Vacation is a perfect time to pop that bottle(s) you’ve been saving for a special occasion. Trust us, it will taste that much better when it’s enjoyed in a state of leisurely bliss. This doesn’t mean that you have to break the bank. If you're normal, everyday wines are in the $15-$25 range, then splurge on a few $25-$35 bottles.
The following items might take a backseat to those stated above, but they are worth bringing. Hydration packs help you recover faster after a solid day of drinking. Skip the emergency room, and a case of E. coli or salmonella, by bringing a clean sponge. I don’t know what the last person was using that sponge for, and I don’t want to find out. A digital media player (e.g., Amazon Fire TV) allows you to easily steam your favorite TV shows on the road (without the worry of forgetting to log out). Games, like cards, hardly take up any room and bring hours of fun. A small, portable speaker provides ambiance.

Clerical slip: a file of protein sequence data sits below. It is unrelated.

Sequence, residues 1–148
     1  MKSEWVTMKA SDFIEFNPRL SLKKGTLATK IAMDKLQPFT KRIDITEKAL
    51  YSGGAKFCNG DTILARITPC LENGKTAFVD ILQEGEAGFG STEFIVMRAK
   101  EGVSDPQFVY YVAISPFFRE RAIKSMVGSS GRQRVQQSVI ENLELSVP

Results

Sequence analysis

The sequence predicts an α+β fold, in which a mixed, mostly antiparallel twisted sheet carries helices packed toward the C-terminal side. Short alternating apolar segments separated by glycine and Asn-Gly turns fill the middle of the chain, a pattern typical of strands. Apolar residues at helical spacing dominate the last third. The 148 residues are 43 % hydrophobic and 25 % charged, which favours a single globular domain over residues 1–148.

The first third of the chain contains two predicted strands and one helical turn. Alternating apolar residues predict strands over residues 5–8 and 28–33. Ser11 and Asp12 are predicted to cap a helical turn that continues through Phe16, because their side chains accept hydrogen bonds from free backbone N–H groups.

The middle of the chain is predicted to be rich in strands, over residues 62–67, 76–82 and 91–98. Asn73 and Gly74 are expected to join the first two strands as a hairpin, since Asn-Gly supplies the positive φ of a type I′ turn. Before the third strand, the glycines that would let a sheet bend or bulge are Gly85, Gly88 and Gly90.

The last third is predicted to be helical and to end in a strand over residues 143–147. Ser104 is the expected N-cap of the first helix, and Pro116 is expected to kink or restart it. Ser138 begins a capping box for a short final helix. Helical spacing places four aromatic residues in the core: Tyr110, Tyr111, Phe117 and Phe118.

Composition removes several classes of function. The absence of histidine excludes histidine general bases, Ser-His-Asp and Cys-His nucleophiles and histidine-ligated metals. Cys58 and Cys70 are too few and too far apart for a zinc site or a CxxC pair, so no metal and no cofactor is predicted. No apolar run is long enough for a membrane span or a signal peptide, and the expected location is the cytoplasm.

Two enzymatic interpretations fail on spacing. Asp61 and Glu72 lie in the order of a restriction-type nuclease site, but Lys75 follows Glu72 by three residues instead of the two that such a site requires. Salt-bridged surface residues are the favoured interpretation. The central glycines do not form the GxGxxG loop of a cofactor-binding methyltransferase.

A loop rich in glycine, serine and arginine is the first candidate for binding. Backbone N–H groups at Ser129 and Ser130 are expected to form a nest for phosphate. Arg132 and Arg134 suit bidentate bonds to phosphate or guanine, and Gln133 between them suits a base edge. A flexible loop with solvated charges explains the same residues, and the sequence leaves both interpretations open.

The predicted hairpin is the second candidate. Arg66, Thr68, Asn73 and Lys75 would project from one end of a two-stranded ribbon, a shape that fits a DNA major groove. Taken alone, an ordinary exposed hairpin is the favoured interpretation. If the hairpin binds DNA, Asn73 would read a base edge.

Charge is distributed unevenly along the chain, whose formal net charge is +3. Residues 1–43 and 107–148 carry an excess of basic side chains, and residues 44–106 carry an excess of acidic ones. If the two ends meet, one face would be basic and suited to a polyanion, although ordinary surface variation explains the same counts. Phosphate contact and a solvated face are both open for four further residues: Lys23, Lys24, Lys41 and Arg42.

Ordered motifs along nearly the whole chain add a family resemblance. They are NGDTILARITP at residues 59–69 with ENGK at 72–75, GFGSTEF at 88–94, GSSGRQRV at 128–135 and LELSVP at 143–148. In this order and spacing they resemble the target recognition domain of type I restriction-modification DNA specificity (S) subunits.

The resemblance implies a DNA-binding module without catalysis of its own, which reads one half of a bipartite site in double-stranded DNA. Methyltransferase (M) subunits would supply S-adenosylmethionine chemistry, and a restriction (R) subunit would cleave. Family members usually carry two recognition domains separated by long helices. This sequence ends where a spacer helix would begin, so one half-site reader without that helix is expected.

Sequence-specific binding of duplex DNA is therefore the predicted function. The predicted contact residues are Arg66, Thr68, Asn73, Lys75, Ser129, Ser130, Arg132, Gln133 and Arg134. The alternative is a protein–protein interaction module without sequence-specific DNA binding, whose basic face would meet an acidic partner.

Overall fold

Do I expect that everyone will follow these steps verbatim? Hell no. Only a crazy person would pack like this. Well, a crazy person and his equally crazy wife.
Still, my hope is that every reader departs this page with one new tip that will enhance his/her next vacation. If you are an oenophile, maybe traveling with glassware resonates with you. If you love to cook, a knife bag might be in your future.
Regardless of what tip makes the most sense to you, I wish you safe and incredible travels. But seriously, if nothing else, bring hydration packs.
Sending crazy, but hydrated, love from the road,